Remediation of chromium-contaminated soils: Bench-scale investigation

Jay N. Meegoda, W. Kamolpornwijit, David A. Vaccari, A. S. Ezeldin, B. A. Noval, R. T. Mueller, S. Santora

Research output: Contribution to journalArticlepeer-review

38 Scopus citations


A feasibility study was performed to remediate chromium-contaminated soil by cold top ex situ vitrification. This paper describes the initial conceptualization of the research demonstration and the results from the bench-scale study. Hexavalent chromium is a well known Group A human carcinogen. There are more than two million tons of leftover chromite ore residues from chromate extraction manufacturing in Hudson County, New Jersey. They contain both unleached haxavalent and unoxidized trivalent chromium. Both forms are considered an environmental and health hazard. In this demonstration study, the cold top ex situ vitrification process was used to remediate the chromium-contaminated soils. This technology evolved from the glass melting industry. Here, the chemical chromate is reduced and immobilized in a siliceous matrix. The bench-scale study included site selection, lab-scale vitrification, physical and chemical characterization of contaminated soils and vitrified soil, evaluation of potential reuse of vitrified soils as construction aggregates, and selection of two potential sites for pilot-scale testing. Nine chromium-contaminated sites were selected for this bench-scale study. The total chromium concentration in soil from the above sites ranged from 0.2 to 2.6% by weight, and the hexavalent chromium in toxicity characteristics leaching procedure (TCLP) leachate was above 30 ppm in some sites. The lab-scale vitrified soils had hexavalent chromium in TCLP leachate below 5 ppm, the regulatory limit, and could be used as construction aggregates. The pilot-scale test performed from soils obtained from two of the above sites demonstrated the cold top ex situ vitrification technology and the potential reuse of vitrified soil in highway construction application as asphalt concrete.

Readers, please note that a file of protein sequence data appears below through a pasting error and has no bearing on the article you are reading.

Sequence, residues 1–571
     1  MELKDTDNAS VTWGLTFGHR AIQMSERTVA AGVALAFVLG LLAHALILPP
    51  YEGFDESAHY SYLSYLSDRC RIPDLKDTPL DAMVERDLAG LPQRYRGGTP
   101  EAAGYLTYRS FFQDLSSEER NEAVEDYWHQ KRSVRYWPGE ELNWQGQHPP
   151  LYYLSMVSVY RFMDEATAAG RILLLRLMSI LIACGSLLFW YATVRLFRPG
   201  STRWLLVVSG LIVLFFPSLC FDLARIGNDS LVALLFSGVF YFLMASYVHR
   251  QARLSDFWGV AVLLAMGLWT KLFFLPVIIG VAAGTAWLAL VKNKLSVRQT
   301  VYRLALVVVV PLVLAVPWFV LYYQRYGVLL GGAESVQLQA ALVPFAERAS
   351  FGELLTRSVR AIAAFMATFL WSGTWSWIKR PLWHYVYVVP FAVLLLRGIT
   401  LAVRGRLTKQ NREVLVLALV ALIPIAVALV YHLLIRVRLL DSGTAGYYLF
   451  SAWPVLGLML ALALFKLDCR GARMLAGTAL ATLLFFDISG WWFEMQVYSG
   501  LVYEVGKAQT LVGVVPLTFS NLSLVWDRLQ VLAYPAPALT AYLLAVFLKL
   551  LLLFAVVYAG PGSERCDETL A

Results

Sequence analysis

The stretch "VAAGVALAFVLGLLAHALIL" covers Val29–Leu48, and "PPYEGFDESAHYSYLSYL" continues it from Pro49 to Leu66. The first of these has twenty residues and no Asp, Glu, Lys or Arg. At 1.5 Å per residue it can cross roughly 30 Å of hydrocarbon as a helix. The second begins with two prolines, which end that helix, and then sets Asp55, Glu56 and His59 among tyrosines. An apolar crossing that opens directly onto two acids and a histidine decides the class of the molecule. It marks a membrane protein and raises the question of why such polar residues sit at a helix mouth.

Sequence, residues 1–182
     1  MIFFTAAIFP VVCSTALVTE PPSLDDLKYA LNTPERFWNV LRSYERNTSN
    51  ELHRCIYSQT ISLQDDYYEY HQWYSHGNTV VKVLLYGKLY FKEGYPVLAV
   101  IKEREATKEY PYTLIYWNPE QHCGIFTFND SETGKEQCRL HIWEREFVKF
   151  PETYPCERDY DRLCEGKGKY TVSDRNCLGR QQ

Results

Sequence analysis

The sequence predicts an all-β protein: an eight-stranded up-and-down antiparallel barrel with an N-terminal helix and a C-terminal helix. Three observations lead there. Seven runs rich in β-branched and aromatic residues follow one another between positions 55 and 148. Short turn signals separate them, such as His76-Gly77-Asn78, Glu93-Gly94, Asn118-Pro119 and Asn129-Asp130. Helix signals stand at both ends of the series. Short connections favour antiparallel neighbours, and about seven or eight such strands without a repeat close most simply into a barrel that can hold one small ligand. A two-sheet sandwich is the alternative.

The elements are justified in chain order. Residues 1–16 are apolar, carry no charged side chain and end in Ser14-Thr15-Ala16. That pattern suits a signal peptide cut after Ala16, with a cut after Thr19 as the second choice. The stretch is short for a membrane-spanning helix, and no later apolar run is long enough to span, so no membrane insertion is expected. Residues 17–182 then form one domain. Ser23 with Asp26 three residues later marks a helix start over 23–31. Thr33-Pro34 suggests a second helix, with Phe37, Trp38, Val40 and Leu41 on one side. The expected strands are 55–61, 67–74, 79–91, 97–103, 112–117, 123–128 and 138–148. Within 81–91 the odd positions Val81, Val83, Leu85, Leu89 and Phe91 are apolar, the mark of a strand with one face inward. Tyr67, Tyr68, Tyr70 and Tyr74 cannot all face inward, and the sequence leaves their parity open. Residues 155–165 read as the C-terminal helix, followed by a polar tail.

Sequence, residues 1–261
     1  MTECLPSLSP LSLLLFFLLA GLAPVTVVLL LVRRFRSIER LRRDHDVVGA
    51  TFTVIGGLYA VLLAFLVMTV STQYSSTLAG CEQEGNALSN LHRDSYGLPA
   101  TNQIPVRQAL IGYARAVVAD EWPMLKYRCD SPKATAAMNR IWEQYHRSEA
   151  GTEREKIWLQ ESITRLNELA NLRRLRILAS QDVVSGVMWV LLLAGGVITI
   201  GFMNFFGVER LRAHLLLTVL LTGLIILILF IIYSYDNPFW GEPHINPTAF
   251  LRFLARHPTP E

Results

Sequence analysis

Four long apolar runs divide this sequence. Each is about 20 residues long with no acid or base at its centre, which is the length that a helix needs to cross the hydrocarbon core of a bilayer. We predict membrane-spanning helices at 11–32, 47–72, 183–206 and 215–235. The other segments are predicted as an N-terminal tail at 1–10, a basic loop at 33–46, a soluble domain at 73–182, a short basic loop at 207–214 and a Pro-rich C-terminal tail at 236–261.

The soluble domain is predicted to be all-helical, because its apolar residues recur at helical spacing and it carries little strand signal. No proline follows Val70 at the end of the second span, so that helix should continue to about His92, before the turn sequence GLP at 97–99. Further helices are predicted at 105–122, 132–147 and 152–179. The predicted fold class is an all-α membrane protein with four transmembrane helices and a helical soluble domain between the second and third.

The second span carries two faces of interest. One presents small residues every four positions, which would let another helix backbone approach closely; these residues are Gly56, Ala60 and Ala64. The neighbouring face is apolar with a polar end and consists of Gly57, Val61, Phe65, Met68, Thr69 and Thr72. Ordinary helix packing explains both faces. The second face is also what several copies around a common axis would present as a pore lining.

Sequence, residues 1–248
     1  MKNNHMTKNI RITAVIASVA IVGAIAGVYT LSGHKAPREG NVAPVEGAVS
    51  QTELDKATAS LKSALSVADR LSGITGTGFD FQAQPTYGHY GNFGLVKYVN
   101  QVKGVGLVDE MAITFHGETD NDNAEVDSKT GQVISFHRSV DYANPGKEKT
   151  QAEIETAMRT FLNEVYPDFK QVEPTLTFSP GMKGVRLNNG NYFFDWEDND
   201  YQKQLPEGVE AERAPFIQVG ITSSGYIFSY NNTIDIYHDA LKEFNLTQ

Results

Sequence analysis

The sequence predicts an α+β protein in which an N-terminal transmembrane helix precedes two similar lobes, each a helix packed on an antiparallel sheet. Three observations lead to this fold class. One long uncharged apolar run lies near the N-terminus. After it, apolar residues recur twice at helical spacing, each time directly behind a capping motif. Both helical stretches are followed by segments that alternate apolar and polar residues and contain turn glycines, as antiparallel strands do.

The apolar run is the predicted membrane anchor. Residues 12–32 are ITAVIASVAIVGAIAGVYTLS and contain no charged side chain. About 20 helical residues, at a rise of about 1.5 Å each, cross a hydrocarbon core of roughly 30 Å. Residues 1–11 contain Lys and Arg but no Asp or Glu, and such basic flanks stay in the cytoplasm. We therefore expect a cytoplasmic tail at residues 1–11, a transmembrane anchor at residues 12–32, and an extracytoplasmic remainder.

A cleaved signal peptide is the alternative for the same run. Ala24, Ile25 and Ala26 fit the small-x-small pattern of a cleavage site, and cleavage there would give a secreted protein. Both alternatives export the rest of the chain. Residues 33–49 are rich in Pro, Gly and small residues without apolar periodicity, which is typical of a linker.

Original languageEnglish (US)
Pages (from-to)124-131
Number of pages8
JournalPractice Periodical of Hazardous, Toxic, and Radioactive Waste Management
Issue number3
StatePublished - Jul 1999

All Science Journal Classification (ASJC) codes

  • Environmental Engineering
  • General Chemical Engineering
  • Water Science and Technology
  • Geotechnical Engineering and Engineering Geology


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